Yorkshire playwright Tom Wells' comedy, in its U.S. premiere, is a throwback to British “Kitchen Sink” dramas of the 1950s. This one might be dubbed a “Toilet Bowl” comedy. “I think you should see this,” says visiting Stitch (Brendan Hunt), peeking out from the bathroom door belonging to his his very pregnant sister, Liz ( Mina Badie). “Whatever you've done, just keep flushing,” she fires back from her threadbare couch. The play unfolds from her grubby living room. With his penchant for the comfort of knitting, idiosyncratic and perhaps mentally touched Stitch is visiting his sister in Hull from even more rural Withernsea, in order to check out Hull's gay scene. The tenderness between the misfit, almost mortally lonely Stitch and his very pregnant sister has much in common with Shelagh Delaney's 1958 similarly tender play, A Taste of Honey. Themes of loyalty, love, and desperate longing – intertwined with sado-masochistic behaviors — just keep trickling across the divide of centuries, and in much the same gritty, earthy theatrical style depicted in filthy furniture (set by John Pleshette) that represents poverty, and not just the poverty of financial resources. Pleshette directs a fine production that gets to the heart of the matter, even if some of the North Country dialects drift a wee bit southwest into, say, Alabama. Hunt serves up a dynamic performance as Stitch, laced with twitches and subtle mannerisms. Bradie's Liz has a similar richness and authenticity. James Donovan plays Liz's partner, and the father of her child, Mark, with a blend of the requisite gruffness required by a guy trying to scrape out a living in Hull, masking a soft-heartedness that would get him cast out to sea, were more people to know about it. Stitch becomes obsessed with a callow aquarium attendant named Dave, played by Johnny Giacalone with an arrogant brutishness that's a pleasingly heart-hearted antidote to the eccentric humanity that shows up in the room. In her pregnancy, Liz has become almost addicted to a popular British snack called Battenberg cake. “Ah,” remarks Stitch drolly, watching her opens the wrapper and melt into paroxysms of delight at the first bite: “Sponge. Jam. Marzipan. All the major food groups.” What keep audiences watching new plays may not be new forms at all, but merely the references that provide the necessary inclusion. The Lost Studio, 130 S. La Brea Ave., Los Angeles; Fri.-Sat., 8 p.m.; Sun., 4 p.m.; through March 6. (323) 960-7721.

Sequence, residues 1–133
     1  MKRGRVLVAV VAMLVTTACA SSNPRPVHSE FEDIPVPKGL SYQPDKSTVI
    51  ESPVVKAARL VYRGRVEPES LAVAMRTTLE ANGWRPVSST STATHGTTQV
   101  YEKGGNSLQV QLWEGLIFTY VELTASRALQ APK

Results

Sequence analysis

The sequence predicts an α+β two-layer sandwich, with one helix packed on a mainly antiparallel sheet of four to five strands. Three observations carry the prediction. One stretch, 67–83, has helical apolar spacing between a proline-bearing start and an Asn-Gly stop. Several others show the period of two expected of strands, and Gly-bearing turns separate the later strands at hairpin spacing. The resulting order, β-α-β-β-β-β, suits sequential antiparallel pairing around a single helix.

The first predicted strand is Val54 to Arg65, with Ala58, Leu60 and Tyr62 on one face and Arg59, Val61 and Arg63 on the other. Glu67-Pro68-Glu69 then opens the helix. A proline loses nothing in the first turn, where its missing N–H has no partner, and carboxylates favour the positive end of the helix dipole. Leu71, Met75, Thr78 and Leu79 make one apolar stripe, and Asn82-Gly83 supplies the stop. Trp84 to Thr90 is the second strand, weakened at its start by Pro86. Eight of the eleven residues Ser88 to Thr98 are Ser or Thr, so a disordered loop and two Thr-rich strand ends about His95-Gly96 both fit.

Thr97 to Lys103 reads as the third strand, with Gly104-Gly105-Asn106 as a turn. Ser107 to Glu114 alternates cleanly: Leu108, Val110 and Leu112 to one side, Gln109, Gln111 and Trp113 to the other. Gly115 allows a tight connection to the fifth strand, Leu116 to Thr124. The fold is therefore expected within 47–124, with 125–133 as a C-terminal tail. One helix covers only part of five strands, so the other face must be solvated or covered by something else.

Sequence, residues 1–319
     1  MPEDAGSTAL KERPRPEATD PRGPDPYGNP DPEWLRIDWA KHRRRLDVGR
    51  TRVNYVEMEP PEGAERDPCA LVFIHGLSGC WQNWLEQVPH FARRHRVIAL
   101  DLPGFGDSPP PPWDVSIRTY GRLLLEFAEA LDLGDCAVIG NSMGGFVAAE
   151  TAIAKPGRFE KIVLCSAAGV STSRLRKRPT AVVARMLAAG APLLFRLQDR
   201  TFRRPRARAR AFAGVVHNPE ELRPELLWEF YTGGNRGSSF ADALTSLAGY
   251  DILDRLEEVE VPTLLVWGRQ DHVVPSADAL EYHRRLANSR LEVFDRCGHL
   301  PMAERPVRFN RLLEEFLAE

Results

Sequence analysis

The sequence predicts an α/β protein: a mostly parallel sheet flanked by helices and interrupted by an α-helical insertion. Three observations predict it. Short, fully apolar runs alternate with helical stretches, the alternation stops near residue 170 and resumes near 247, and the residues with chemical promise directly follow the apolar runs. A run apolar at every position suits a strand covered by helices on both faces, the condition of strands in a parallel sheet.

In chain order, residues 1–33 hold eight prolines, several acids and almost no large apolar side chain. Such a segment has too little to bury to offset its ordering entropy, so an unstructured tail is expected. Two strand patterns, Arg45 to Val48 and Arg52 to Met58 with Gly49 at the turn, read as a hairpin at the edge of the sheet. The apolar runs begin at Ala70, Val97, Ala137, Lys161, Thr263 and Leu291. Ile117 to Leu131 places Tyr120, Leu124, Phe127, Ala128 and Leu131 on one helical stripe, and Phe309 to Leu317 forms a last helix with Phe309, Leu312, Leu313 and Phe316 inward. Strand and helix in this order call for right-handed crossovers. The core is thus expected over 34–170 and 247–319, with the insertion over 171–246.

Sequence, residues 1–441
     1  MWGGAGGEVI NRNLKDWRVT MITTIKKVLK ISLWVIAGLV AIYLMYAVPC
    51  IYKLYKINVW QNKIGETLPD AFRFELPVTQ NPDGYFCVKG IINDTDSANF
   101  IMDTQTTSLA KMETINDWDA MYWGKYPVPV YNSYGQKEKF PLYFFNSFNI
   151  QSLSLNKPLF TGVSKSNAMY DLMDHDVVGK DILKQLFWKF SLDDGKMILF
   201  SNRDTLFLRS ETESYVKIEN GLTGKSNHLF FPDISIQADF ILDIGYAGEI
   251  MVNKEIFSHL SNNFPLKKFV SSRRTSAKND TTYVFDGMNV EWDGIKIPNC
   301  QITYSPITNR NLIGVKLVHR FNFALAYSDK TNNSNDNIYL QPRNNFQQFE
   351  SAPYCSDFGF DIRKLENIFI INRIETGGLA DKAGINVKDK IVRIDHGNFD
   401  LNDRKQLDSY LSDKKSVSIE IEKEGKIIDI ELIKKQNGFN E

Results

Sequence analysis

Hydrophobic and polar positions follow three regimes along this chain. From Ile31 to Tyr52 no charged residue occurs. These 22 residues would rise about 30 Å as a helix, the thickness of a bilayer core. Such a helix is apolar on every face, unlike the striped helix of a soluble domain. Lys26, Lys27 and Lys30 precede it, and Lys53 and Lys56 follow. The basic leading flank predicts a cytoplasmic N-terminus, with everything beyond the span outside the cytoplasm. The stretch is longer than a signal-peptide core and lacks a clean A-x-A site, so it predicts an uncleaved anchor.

Fridays, Saturdays, 8 p.m.; Sundays, 4 p.m. Starts: Jan. 14. Continues through March 6, 2011
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